A.P. Now Writing For Audience Exclusively of Sen. Ted Stevens (R-AK)

Who says newspapers are no longer relevant? Look how the A.P. brings you the news you need to know:

E-mail is so last millennium. Young people see it as a good way to reach an elder - a parent, teacher or a boss - or to receive an attached file. But increasingly, the former darling of high-tech communication is losing favor to instant and text messaging, and to the chatter generated on blogs and social networking sites such as Facebook and MySpace.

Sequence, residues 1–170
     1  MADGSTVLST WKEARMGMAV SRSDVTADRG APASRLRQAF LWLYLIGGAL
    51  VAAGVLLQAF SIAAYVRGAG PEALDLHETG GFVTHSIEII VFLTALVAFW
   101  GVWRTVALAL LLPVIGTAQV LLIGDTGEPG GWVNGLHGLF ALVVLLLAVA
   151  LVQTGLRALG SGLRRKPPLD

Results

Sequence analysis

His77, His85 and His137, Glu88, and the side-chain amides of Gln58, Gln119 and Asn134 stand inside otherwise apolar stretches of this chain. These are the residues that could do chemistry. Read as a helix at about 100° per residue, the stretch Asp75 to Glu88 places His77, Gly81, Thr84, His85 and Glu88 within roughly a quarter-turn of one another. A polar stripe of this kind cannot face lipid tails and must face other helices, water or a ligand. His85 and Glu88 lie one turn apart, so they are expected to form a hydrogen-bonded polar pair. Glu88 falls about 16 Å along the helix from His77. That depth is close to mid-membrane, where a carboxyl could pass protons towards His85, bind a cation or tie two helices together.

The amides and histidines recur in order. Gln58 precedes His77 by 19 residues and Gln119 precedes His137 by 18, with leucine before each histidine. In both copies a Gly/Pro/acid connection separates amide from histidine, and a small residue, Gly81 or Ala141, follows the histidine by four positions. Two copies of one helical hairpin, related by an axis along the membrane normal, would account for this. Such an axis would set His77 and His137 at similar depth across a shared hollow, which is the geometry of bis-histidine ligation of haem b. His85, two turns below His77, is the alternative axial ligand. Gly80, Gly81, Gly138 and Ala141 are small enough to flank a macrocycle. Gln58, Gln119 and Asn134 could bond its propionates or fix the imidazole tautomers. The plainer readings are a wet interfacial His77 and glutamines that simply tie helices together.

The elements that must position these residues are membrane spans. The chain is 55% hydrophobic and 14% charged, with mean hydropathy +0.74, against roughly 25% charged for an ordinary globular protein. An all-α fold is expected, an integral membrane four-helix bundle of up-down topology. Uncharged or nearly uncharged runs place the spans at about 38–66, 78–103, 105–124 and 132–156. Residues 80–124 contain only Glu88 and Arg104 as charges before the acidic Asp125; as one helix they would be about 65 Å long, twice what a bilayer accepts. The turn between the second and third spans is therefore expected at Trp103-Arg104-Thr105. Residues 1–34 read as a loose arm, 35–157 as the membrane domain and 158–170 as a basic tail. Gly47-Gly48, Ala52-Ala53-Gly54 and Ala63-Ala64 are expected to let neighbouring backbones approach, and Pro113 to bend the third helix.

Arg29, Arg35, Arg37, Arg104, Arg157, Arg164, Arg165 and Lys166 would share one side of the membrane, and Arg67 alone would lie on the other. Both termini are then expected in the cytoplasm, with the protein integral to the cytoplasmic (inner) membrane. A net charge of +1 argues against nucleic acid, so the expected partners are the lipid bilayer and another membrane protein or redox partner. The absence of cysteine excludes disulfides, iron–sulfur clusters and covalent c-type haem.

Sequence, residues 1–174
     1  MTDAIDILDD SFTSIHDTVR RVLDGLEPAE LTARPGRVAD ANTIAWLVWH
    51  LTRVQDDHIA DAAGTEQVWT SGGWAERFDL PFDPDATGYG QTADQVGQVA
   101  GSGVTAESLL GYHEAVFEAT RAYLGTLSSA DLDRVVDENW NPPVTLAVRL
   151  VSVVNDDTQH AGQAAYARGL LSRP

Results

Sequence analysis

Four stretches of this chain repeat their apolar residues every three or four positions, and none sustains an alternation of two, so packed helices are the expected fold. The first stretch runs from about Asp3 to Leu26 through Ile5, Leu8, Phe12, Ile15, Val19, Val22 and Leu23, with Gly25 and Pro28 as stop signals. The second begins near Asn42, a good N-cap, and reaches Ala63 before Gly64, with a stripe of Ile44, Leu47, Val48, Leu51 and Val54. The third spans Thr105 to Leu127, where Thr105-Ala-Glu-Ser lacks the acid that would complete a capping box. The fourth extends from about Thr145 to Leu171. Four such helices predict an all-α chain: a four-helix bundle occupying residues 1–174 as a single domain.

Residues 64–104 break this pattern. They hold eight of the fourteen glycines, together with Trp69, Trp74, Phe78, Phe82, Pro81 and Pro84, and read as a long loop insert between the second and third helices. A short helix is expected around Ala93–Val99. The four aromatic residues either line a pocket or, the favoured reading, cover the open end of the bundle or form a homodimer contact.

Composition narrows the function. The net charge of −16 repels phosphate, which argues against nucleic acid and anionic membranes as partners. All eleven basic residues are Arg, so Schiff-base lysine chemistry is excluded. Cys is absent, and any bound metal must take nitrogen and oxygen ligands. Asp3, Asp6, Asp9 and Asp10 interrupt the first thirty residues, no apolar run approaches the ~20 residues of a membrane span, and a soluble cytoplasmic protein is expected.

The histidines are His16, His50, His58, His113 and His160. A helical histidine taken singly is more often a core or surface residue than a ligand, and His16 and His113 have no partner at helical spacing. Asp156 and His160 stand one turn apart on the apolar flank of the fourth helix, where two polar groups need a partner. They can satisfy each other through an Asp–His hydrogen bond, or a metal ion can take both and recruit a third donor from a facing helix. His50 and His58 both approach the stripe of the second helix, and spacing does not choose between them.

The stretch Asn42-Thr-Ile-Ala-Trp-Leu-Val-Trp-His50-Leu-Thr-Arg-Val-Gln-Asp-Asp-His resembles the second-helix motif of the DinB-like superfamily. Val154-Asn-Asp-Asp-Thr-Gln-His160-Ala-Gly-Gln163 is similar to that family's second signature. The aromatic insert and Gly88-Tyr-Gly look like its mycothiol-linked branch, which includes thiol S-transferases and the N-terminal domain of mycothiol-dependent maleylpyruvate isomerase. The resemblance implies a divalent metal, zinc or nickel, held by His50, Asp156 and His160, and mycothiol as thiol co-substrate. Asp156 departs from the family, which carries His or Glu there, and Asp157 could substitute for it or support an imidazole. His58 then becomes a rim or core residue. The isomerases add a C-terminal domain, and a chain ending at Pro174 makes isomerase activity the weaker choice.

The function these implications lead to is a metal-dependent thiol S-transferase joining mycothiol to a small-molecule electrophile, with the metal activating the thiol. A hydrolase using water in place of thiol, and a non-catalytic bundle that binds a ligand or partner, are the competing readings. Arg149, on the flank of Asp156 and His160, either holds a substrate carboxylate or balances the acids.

The shift is starting to creep into workplace communication, too.

"In this world of instant gratification, e-mail has become the new snail mail," says 25-year-old Rachel Quizon from Norwalk, Calif. She became addicted to instant messaging in college, where many students are logged on 24/7.

They've even got a picture of Rachel on her Sidekick in front of her laptop !

Better yet, we hear they're this close to blowing the lid off the whole TiVo thing.

Text messaging on rise with young people [AP]